From the night she was born in a tiny Greek village, dancing has been an important part of Yia-Yia's

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The night she was born, everyone danced.

My Yia-Yia, my beautiful grandmother—she dances like a ribbon, like a smooth, sun-glinting, wind-tossed ribbon.

Yia-Yia was born in a tiny village in Greece. Her four brothers, her grandparents, and all the aunts, uncles, and cousins danced around a bonfire long into the night when she was born. Her mother and father had waited many years for a girl child. Their love for her was as deep as the sea. Her father took her outside to the happy relatives when she was only one hour old. She opened her eyes. She watched the firelight and smoke curl up to the stars that hung above their village.

Just as she was learning how to walk, the family packed up everything they owned and crossed the ocean in a ship. The sailors taught her how to dance to the music of a pipe, while sea gulls sang overhead.

When she got bigger, she twirled and whirled on her way to school in the morning. She snapped her fingers and clicked her heels on the way home in the afternoon. There was always work to be done at her house—floors to scrub and pots to wash and clothes to iron and schoolwork to finish late into the night at the kitchen table. She held a tune in her heart and tapped out a beat with her toes, so the time passed quickly by.

Back then my Papou stood tall and strong. He fell in love with the way Yia-Yia’s black hair glowed in the candlelight of their church. He talked to each one of her four brothers and her father and then her mother to get permission to sit next to her on the stoop and drink lemonade. They ate sweet cakes she made with her slender hands. When he asked her to marry him he had a spot of honey on his chin.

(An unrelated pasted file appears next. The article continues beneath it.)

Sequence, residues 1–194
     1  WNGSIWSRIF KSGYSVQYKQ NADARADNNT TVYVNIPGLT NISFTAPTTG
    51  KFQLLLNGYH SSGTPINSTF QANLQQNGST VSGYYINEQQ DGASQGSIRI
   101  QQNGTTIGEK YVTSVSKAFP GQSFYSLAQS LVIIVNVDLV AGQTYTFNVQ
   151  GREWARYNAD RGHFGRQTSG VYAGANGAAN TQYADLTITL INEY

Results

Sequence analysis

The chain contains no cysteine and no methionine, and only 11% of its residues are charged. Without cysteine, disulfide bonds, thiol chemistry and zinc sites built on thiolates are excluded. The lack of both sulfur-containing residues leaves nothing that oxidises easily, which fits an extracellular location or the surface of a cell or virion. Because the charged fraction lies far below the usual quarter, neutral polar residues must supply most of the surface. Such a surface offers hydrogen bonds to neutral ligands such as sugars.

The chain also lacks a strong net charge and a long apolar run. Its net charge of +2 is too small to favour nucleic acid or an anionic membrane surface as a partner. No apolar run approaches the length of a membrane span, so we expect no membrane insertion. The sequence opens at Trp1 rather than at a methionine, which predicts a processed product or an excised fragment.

At their wedding, her feet barely touched the ground. The voices of the singers and the perfume of the incense coiled around her heart and made her eyes wet. Wearing their wedding crowns, she and her beloved walked three times around the altar and became partners for life.

Later came babies—my mom, my Aunt Helena, and my Uncle Costas. Yia-Yia danced with them all so they wouldn’t fuss. She played old records and whispered stories of a faraway village. With a baby in her arms, she hummed the tunes of far away. She high-stepped her way from the kitchen to the laundry room, from the grocery to the church. She tied back her long hair with scarves of blue and green.

When the children grew older she taught them the right steps: chin up, back straight, eyes clear and steady. She kissed Papou on the chin when he came home in the evening, tired from the mill. She pulled him to the soft chair and served him thick coffee and figs while dinner cooked.

Uncle Costas married Aunt Tessa, and Aunt Helena married Uncle Roy, and my mom married my dad. Then came the grandchildren—roly-poly grandchildren who loved pastries and cookies and a spinning grandmother who hummed.

Yia-Yia's DanceThese days the best place to see my Yia-Yia dance is at the church festival. The guitar music rings in my ears, and the salty-sweet tastes of Greece fill my mouth. Yia-Yia and Papou sit at the end of a long table. They watch the young people dance in graceful lines that snake in and out of the room. They smile at their friends and wave to their children and grandchildren, but Yia-Yia does not dance . . . until the band plays the sailor’s song. She takes the snow-white handkerchief from Papou’s jacket pocket and slides the scarf from her hair. Everyone in the room stops to watch her.

She dances. Her arms glide like the wings of a swan. Her feet stomp and her legs leap, harder and higher than the youngest girl. Her proud face is strong, like the faces in the paintings in the church. The music grows louder, and her children and grandchildren cheer. She throws back her head. Her dark, silver-streaked hair comes alive like a moonless night lit by shimmering silver stars. And it curls in the air like the smoke rising from a village bonfire.